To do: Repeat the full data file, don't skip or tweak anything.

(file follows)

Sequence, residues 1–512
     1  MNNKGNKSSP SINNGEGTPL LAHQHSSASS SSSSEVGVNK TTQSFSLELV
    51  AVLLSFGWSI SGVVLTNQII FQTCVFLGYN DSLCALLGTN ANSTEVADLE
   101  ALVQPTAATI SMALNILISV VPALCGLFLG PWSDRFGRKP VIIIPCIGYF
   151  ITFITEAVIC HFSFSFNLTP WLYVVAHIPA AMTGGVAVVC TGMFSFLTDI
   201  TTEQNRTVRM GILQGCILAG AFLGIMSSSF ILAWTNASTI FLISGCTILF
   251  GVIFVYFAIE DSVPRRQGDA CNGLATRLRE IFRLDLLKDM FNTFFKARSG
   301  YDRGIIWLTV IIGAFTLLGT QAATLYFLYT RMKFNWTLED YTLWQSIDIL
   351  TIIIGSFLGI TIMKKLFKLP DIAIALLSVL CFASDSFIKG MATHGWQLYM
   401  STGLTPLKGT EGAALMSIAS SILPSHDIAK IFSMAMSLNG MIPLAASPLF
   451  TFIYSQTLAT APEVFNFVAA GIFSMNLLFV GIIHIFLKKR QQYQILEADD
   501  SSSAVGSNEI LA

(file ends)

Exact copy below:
Sequence, residues 1–512
     1  MNNKGNKSSP SINNGEGTPL LAHQHSSASS SSSSEVGVNK TTQSFSLELV
    51  AVLLSFGWSI SGVVLTNQII FQTCVFLGYN DSLCALLGTN ANSTEVADLE
   101  ALVQPTAATI SMALNILISV VPALCGLFLG PWSDRFGRKP VIIIPCIGYF
   151  ITFITEAVIC HFSFSFNLTP WLYVVAHIPA AMTGGVAVVC TGMFSFLTDI
   201  TTEQNRTVRM GILQGCILAG AFLGIMSSSF ILAWTNASTI FLISGCTILF
   251  GVIFVYFAIE DSVPRRQGDA CNGLATRLRE IFRLDLLKDM FNTFFKARSG
   301  YDRGIIWLTV IIGAFTLLGT QAATLYFLYT RMKFNWTLED YTLWQSIDIL
   351  TIIIGSFLGI TIMKKLFKLP DIAIALLSVL CFASDSFIKG MATHGWQLYM
   401  STGLTPLKGT EGAALMSIAS SILPSHDIAK IFSMAMSLNG MIPLAASPLF
   451  TFIYSQTLAT APEVFNFVAA GIFSMNLLFV GIIHIFLKKR QQYQILEADD
   501  SSSAVGSNEI LA